It has also been proposed by some research groups that there is a third Mg2+ involved in catalysis25. Evidence suggesting the 3rd Mg2+ ion is involved in catalysis came from mutagenesis studies on Lys-36. The proposed role of the Mg2+ 3 ion is to assist the deprotonation of the nucleophile coordinated to Mg2+ 137, for inline nucleophilic attack by the water molecule coordinated to Mg2+.
Results from mechanistic studies have shown that the associative inline mechanism is the most favoured route for IMPase. The results agree with experimental studies which show that. It also suggests that the catalytic water molecule is required to transfer a proton to the inositolate leaving group to assist in the release of the product, because if the leaving group is not protonated the negative charge on the inositolate group would coordinate to the Mg2+ 2 ion making it more difficult to be released.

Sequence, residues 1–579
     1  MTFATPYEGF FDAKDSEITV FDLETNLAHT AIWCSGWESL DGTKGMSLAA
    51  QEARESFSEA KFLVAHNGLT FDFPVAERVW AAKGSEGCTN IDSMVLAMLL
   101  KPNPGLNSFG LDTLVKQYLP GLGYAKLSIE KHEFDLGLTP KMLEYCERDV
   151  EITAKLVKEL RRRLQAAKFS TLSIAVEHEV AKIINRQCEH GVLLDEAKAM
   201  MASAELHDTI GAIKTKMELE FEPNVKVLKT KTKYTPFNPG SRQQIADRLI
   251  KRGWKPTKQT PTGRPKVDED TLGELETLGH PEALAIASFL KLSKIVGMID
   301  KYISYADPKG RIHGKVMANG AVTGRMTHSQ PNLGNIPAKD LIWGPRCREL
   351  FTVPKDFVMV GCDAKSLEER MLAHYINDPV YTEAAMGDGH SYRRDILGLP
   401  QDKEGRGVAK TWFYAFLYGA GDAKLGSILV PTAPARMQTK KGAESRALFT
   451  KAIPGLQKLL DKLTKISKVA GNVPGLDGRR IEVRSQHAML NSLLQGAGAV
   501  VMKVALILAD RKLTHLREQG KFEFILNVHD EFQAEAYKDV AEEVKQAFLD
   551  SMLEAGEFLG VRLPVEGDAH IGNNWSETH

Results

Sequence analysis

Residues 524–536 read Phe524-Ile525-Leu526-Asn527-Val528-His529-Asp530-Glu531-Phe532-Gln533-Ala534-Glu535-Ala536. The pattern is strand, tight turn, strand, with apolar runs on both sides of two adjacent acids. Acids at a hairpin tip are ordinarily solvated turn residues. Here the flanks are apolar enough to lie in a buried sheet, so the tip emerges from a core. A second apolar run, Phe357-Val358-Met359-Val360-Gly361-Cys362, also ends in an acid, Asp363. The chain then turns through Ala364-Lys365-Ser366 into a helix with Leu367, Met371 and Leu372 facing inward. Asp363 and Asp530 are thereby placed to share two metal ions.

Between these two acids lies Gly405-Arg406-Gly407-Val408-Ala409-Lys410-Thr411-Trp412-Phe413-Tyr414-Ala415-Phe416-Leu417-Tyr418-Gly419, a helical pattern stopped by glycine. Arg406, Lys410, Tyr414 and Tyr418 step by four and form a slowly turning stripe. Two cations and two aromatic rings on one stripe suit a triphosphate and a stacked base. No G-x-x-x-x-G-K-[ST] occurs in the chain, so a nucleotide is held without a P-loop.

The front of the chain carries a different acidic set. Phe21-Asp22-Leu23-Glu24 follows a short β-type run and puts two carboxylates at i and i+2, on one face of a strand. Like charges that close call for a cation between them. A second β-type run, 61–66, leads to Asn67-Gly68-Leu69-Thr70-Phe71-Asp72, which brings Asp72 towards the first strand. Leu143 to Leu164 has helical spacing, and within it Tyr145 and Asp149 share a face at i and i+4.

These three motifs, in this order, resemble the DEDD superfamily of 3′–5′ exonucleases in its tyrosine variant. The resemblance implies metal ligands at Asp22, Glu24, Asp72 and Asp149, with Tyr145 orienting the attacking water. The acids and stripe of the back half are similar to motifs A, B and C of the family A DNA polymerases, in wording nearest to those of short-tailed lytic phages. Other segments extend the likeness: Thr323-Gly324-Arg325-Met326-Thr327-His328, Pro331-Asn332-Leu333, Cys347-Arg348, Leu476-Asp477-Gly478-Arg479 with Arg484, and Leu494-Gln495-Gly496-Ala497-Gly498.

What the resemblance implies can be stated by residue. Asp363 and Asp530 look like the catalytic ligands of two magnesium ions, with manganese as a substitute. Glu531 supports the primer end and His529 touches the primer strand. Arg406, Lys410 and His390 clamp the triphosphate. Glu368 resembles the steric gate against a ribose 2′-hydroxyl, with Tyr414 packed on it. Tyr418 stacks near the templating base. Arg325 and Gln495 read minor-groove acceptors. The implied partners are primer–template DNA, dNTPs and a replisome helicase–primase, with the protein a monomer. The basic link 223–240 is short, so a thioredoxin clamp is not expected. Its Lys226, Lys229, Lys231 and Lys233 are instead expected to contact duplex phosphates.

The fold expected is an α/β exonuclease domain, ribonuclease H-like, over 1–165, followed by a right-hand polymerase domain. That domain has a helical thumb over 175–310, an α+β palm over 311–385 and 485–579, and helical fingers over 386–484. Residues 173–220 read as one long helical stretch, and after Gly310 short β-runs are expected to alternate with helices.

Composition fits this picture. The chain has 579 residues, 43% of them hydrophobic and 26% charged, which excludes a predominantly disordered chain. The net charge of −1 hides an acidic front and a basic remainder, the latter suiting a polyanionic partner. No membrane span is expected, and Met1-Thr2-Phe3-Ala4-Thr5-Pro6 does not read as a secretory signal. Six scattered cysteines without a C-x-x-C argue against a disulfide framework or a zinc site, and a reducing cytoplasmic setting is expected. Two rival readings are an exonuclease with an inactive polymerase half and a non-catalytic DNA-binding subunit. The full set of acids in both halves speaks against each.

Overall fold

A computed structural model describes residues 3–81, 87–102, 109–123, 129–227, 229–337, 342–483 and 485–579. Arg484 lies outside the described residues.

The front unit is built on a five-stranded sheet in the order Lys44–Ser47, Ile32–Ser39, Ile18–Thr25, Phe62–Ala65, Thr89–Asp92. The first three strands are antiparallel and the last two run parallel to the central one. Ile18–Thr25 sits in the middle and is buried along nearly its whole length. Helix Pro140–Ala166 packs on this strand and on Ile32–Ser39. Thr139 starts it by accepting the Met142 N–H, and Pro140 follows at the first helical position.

SECTION 3- Alternatives inhibitory of inositol Monophosphatase
Lithium has a narrow therapeutic window as discussed in the introduction, and above 2mM just twice the therapeutic dose severe toxicity is observed .Therefore there is need for the design of organic compounds that can mimic inositol monophosphate so as to reduce the activity of inositol monophosphatase. This section focuses on such inhibitors of inositol monophosphatase.
Substrate based inhibitors